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Premier Kathleen Wynne gives a thumbs up to a party member following the reading of the throne speech by Lt. Governor David Onley at Queen's Park in Toronto on Feb. 19, 2013.

Peter Power/The Globe and Mail

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Long before they know what will be in the first budget introduced since Kathleen Wynne became Premier, Ontario's Progressive Conservatives said they plan to vote against it. As has consistently been the case since the 2011 election, the Official Opposition will avoid anything that could be seen as propping up the minority government it spends most of its time criticizing – leaving that to the third-party New Democrats, if anyone.

But on one legislative matter, the Tories and the governing Liberals might soon find themselves having to work together, if only to avoid the wrath of influential municipal politicians whenever the next provincial election rolls around.

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Last month, the Association of Municipalities of Ontario renewed its call for changes to the interest arbitration system, in hopes that new rules might limit the cost pressures for cash-strapped cities. Their complaint is that while most of the province's public employees are currently seeing their salaries flatlined, those deemed to provide "essential services" – predominantly municipal employees such as police and firefighters – keep being handed generous raises by arbitrators.

The Liberals are acutely aware that they need to respond to that concern. The catch is that putting arbitration changes into the budget could make it more difficult to get support from the union-friendly NDP. So their best bet may be to address the issue through separate legislation rather than the budget bill and seek PC support, a possibility that both Liberals and Tories seem open to.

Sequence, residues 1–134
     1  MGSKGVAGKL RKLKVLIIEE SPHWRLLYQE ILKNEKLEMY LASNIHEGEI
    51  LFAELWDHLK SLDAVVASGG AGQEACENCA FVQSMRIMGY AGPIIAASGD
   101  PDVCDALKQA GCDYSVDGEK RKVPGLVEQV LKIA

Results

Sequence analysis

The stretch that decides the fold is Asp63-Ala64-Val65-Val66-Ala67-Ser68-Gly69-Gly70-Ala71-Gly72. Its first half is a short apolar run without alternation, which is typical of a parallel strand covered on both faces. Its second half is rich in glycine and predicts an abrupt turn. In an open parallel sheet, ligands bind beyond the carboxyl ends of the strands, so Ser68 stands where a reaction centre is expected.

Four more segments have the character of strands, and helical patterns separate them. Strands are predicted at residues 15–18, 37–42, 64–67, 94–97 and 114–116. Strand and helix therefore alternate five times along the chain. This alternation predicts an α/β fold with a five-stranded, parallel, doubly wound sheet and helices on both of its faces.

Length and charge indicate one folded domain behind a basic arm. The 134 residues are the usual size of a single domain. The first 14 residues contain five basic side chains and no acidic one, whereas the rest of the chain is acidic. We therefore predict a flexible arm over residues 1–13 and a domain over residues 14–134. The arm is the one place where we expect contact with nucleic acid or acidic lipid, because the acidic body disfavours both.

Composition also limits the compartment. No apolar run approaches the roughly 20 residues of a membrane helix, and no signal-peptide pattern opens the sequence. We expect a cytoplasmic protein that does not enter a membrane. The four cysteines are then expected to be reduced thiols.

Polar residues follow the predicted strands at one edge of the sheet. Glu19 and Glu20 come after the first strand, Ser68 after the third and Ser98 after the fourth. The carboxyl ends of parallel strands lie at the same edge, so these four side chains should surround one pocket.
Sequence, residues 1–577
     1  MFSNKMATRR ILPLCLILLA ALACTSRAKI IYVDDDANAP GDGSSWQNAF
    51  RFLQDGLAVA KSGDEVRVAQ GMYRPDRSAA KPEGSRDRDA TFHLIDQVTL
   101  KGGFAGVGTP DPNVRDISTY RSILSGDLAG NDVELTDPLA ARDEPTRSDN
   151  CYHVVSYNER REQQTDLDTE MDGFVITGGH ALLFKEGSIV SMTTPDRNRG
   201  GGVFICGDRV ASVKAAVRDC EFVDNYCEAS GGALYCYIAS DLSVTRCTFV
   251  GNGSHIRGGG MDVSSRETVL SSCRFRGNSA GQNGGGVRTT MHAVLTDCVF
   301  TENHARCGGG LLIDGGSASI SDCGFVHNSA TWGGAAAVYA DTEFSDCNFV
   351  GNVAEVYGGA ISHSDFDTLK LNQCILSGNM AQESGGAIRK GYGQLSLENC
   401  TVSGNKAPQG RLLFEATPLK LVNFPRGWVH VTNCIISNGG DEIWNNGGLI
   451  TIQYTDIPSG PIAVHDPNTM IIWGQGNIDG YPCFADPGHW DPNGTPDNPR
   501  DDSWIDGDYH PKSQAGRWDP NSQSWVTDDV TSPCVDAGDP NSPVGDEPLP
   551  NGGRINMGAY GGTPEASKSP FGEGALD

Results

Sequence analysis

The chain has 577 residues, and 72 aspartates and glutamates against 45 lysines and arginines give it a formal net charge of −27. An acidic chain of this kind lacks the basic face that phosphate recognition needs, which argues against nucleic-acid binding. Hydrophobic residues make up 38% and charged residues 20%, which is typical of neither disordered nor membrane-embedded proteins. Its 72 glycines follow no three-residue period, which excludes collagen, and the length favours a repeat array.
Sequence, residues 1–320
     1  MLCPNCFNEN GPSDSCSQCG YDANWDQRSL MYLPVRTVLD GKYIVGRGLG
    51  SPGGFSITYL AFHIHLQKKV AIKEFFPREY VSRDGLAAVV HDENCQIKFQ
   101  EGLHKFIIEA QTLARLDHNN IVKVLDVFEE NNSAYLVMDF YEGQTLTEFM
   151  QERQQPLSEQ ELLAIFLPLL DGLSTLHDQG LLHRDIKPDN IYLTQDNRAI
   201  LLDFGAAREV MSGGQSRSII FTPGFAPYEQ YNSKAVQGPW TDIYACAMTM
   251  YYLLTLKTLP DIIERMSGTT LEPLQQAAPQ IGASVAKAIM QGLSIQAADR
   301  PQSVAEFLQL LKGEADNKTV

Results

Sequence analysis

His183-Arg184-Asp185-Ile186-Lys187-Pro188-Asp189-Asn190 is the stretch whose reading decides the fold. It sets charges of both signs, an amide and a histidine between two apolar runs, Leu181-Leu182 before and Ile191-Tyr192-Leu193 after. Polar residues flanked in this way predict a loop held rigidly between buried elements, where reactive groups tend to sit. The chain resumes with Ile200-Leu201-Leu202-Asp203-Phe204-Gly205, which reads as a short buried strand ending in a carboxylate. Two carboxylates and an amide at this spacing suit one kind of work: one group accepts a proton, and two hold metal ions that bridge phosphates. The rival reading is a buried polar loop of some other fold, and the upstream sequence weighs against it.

The Liberals are unlikely to go as far as the Tories (and many mayors) want, in terms of changing the way arbitrators are chosen and forcing them to take more strongly into account employers' ability to pay. But a sequence of events last year proved there's some potential for common ground.

At that time, the Tories appeared prepared to support government proposals to compel arbitrators to provide more explanation for their decisions, and require those decisions to be made within 12 months. If that second one sounds exceedingly modest, it bears noting that under the present system some decisions take an astonishing three or four years. That contributes to the wage increases, because arbitrators are influenced by other raises handed down in the meanwhile.

Liberals sources now concede that they subsequently made a mistake, presumably under union pressure, by softening their proposal so the window would be 16 months instead. The effect was that the Tories withdrew their support, killing the changes.

Could the 12-month deadline be revived this spring, perhaps alongside a few other employer-friendly arbitration changes? Liberals are hinting as much. And a senior PC official recently said that might be enough to qualify as "half a loaf" – the turn of phrase used by Mr. Hudak to describe the Liberals' legislation to impose contracts on teachers, the one government bill the Tories have voted for.

Both parties have strong incentive to make it work, one way or another. One of the most prominent agitators for arbitration reform is iconic Mississauga Mayor Hazel McCallion, whom Ms. Wynne owes big for her support during the Liberal leadership convention. Meanwhile, some of the most urgent calls have come from smaller cities in rural Ontario, heavily represented by PC MPPs who could hear about if if they're seen to block helpful changes.

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Nobody will mistake it for the sexiest issue. But at a time when municipalities are struggling to pay the bills, and the province doesn't have any extra cash to help bail them out, it would make a difference. And at this point, the ability of the two biggest parties to work together on anything whatsoever would qualify as a landmark moment for minority government in Ontario.

Adam Radwanski is a columnist in The Globe and Mail's Queen's Park bureau in Toronto.

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